AID’s Partner, E-CARE, leads the way in effective, innovative Community Development

Aug 29, 2023

At a recent ABM AID Partner Conference, we were reminded of the amazing achievements of our long-time partner, the Episcopal Church of the Philippines (ECP) through their E-CARE Foundation, and particularly its “Community Action for Community Empowerment” program.

More than 10 years ago now, the church switched to an Asset-based focus in their Community Development work (ABCD), meaning that instead of asking communities what they needed, they asked them what strengths and assets they already had that could be built on through further community development. Whilst this was initially challenging – people were unwilling to share knowledge of their community and family assets with strangers. And even within the church, many church leaders, clergy and E-CARE staff were sceptical, believing the communities they worked with did not have any assets.

As E-CARE’s Program Coordinator, Farida Pasiwen-Cawatig, noted at the conference, “It took some time to change attitudes and expectations, both within the church and in the communities, from a ‘needs’ focussed to an ‘assets-based’ approach.”

The church realised that one way to overcome these barriers was to provide the church and the community members with training on how to appreciate and then mobilise their assets. For example, if someone grew camote and taro (varieties of sweet potato), E-CARE provided training in how to turn these staple vegetables into something more valuable, such as crisps.

But, rather than train everyone, E-CARE found it valuable to train core groups both in the church and the communities, so that these people would become assets in themselves, coordinating the activities and acting as liaison between the communities and E-CARE. Starting with small but enthusiastic groups of people who could see the potential of an Assets-based approach, this core group gradually got more communities involved.

A year or two later, through E-CARE’s experiences of working with retrenched garment makers who live in poor urban communities, E-CARE came up with their Receivers to Givers policy. Under this way of thinking, funds provided to community groups to help them “step up” were then provided by the original group of “Receivers” to others to be given a helping hand. The “Receivers” became “Givers”.

The twin approaches (ABCD and Receivers to Givers) were later also applied to disaster response and recovery, where, for example, the assets of people not affected by a typhoon or similar disaster (such as food crops) were bought by E-CARE and given out to disaster-affected communities. When E-CARE bought land to support the re-housing of 80 fishing families who lost their homes during Typhoon Haiyan, they first trained the people in making their own mudbricks and in carpentry skills, and then enabled them to repay the cost of the land back to support others affected by later disasters, including Typhoon Mangkhut in 2018, Typhoon Rai in 2021 and Typhoon Nalgae in 2022.

Now, in 2023, E-CARE Post-Pandemic Livelihoods Recovery Project is moving more and more of the communities they work with onto the Receivers to Givers approach, including the communities they work with in Emergency Response. Almost half of those (42%) have now transitioned become “Receivers to Givers”. The communities themselves do most of the organising and liaising with E-CARE and have developed their organisation-wide visions and strategic plans. Ten of the organisations have developed additional enterprises, 110 farmers from among the organisations are supplying the marketing program of E-CARE at reasonable prices and 87 non-farm producers are also able to sell their products. Some communities are developing their own solar-powered deep wells to access water in a climate-friendly manner.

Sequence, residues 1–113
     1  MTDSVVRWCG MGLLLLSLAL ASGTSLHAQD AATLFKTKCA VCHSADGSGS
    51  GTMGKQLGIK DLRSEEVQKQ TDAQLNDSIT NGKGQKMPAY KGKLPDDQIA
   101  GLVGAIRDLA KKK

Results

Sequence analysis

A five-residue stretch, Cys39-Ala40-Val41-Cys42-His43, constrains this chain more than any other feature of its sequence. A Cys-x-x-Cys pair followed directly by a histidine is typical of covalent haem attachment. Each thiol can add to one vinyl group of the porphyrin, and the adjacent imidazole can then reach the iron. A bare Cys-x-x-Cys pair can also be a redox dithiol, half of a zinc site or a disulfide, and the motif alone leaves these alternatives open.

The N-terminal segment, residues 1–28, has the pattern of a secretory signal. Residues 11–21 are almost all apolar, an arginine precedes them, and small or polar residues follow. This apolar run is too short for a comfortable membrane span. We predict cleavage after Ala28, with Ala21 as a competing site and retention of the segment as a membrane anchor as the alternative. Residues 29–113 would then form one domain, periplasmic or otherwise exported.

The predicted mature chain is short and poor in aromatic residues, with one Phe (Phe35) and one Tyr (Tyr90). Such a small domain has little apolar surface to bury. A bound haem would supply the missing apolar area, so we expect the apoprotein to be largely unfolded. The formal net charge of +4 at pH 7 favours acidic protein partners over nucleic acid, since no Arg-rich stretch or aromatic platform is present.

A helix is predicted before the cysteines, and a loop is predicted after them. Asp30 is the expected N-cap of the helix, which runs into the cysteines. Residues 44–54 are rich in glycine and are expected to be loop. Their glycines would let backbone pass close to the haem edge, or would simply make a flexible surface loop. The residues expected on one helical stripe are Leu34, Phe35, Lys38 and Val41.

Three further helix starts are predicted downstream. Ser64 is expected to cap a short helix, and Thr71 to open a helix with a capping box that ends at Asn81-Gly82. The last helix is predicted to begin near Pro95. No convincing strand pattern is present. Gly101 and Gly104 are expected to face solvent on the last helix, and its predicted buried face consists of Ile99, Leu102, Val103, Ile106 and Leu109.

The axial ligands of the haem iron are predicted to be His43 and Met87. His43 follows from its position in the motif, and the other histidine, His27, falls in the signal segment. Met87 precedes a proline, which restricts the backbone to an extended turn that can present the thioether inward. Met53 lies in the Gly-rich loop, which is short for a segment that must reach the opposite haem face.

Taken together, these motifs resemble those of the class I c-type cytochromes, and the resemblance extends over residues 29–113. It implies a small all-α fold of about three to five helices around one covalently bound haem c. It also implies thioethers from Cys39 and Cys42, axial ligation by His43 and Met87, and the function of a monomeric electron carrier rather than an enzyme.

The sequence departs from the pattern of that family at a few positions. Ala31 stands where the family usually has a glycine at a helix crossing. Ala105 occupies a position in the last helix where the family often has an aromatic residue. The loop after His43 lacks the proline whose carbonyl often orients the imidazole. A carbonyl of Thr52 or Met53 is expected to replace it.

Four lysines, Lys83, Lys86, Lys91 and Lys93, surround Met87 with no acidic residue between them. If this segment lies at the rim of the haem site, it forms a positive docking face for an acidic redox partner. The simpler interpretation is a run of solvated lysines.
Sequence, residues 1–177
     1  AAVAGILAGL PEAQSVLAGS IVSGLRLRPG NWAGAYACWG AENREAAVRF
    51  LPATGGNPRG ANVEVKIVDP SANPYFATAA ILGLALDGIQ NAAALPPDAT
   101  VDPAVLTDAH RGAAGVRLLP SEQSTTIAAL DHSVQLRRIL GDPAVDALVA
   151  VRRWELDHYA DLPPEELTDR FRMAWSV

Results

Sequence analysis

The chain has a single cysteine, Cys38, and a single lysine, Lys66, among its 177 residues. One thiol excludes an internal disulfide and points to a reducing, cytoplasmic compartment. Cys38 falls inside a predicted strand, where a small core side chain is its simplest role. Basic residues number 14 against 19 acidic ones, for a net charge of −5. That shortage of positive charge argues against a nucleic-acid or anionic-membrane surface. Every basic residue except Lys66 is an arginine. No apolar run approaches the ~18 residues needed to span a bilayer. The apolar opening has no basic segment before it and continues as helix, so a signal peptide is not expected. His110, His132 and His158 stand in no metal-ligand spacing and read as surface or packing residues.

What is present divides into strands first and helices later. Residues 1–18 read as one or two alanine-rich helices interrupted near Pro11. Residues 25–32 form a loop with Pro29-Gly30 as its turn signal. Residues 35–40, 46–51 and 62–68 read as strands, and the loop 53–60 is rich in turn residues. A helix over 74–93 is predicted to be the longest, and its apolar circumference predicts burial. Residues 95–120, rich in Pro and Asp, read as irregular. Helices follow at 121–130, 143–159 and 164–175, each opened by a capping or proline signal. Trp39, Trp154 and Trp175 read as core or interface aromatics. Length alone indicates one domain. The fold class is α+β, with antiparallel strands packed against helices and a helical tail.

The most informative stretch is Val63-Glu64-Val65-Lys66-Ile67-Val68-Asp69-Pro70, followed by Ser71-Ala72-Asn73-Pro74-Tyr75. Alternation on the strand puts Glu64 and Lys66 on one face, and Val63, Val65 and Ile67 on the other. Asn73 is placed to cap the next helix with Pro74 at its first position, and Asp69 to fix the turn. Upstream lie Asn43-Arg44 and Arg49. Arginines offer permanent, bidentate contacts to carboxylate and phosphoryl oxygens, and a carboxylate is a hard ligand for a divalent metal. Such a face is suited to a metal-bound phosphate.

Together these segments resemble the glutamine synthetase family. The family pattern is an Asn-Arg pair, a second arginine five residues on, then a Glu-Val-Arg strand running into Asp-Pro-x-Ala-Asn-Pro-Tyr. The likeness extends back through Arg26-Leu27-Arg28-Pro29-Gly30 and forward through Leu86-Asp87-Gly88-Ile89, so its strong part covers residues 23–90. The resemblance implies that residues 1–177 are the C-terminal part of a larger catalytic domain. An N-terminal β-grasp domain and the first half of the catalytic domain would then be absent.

Within communities, interested members form their own organizations with their own officers, policies and plans. These organizations, through the leadership of their officers, are the decision makers, implementers and are in charge of project monitoring. The local ECP churches assist the communities by conducting Bible Studies and by supporting them in values formation activities, which they can use for their advocacy.

Field staff commented on the sustainability of the project and share some of the current challenges:

Laiyan said, “The sharing of good practices [of some communities with] other community partners… motivates and inspires them to do their best in their organizations.

Aldwin said, “The receiver to givers cycle is the core values of our programs. If our [community] partners will want to participate in our program, if they do not return what they received, they may deprive the opportunities of other organization. [But] in our experience, those assisted organizations need more finances as they grow bigger because of the demand for support also get bigger. Like if we assisted 300,000 Pesos to the group of 15 members, later on of they have more than 30 members, they request also bigger amount like 500,000 or more because it gave bigger opportunities to entrepreneurial activities.

But these challenges have their own community-led solutions, as Zena noted, “[The] savings and share capital program is being done by the [community] partners to raise their own capital funds.”

AID is proud to have accompanied E-CARE on this incredible journey.

ABM AID would like to thank those who support this project through prayer and giving. We also thank the Australia Government Aid Program for their continuing support.